A quick search on the internet shows many contradictory articles on this topic, though they largely agree on one very important point — that mentoring and coaching are quite different, despite some similarities.
Both coaching and mentoring are learning relationships which aim to create positive outcomes in the lives of ‘coachees’ or mentees. Coaches and mentors also support people in setting goals, assessing the possible methods by which these objectives can be achieved and creating actionable steps for a person to follow. Both require strong interpersonal and communication skills to establish rapport and trust with those on the receiving end to elicit open and honest responses. Coaches and mentors alike endeavour to serve as inspirational role models to others.
Coaching focuses on empowering clients and holding them accountable for their own professional and personal development, whereas mentoring largely involves the mentor sharing his or her life experiences. Coaching is a professionally certifiable skill-set, where coaches spend hours on training and practice before receiving accreditation. Mentors use their own personal experience as their guiding tool rather than any formal training program. Normally, mentoring relies on the mentor’s goodwill in participation, while coaches can be engaged on the basis of a contractual agreement.
Contrary to popular belief, coaches do not tell their clients what to do. Perhaps some kinds of coaches (e.g. sports) do, in fact, provide top-down directives, but the methodologies outlined by the International Coach Federation (ICF) heavily discourage life coaches from advising their clients. Coaching is instead a partnership, where coaches ask their clients powerful, open-ended questions which can unlock the answers from deep within clients themselves.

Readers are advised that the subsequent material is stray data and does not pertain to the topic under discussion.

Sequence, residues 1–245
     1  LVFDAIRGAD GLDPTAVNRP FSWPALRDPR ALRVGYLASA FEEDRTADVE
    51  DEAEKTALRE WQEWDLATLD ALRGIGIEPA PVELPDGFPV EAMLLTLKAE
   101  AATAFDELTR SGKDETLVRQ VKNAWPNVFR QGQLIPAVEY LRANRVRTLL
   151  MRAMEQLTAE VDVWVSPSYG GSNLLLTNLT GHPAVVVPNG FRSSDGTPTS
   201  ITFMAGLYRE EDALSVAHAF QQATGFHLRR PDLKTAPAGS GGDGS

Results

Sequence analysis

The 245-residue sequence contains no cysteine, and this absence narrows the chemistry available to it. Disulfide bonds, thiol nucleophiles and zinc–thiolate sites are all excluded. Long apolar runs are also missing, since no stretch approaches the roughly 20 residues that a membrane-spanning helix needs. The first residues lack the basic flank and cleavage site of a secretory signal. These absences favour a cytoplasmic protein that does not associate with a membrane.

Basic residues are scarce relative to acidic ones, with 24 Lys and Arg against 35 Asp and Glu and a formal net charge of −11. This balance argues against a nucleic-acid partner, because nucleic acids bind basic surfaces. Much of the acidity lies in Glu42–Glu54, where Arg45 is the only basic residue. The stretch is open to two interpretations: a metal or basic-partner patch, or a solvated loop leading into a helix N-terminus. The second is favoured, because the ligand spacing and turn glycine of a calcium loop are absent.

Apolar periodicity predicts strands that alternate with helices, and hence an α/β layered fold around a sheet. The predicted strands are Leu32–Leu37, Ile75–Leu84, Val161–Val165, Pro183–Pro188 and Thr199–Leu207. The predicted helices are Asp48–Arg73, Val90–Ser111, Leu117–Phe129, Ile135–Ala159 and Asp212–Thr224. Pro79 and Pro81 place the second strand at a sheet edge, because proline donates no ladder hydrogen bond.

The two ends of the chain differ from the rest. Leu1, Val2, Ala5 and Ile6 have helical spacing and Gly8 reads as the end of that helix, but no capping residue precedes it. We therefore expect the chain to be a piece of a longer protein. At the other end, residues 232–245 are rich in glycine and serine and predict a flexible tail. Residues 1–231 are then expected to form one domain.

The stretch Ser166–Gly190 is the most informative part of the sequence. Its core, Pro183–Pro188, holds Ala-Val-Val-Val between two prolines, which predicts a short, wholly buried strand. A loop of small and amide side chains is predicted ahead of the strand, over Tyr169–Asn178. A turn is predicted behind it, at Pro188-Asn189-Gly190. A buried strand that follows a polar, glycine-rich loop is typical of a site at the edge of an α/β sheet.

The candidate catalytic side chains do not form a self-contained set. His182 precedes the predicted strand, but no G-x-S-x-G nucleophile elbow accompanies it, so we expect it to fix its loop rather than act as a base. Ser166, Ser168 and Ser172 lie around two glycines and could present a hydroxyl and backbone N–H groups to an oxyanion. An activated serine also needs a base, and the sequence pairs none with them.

On the other hand, mentors are usually older and more experienced in the specific role or field and are thus seen to hold the more senior position in the mentor-mentee relationship. They also possess industry contacts and may be able to help open doors for the person being mentored. Mentees thus tend to defer more to their mentor’s counsel though, as with coaching, they are still free to choose what to do with the insights they receive.
Mentoring is about using a proven method that worked for one person and applying it to another. While it might work, the results differ from person to person, and thus may not be the best solution. However, mentors provide very specific knowledge for jobs that not all life coaches are equipped with, which could be more helpful to mentees under particular circumstances that require technical know-how. Mentoring therefore tends towards more short-term outcomes unlike coaching, which helps clients create their own unique approaches that can be applied to different situations in the future.
Coaching also covers a wider spectrum in developing all the different domains in life, including personal relationships as well as finding purpose and direction, which may not be something that all mentors are comfortable speaking about with another industry professional. In fact, accredited life coaches are trained to be able to handle any issue (professional or otherwise) that a client may wish to discuss.
Thus, coaching is a more formal relationship where coaches collaborate with clients in discovering more about themselves, equipping them with new competencies to help them take action and move forward to their goals for life. Mentoring is more informal in nature in that mentors usually volunteer their time and resources with someone more junior in the industry whom they are happy to dispense advice to (based on their personal experiences), to help the recipient achieve their goals. Both coaching and mentoring have their own merits, and a proper understanding of their differences could help make the right choice for the needs of you and your organization.
Find out more about life coaching and how it can help you develop your fullest potential here!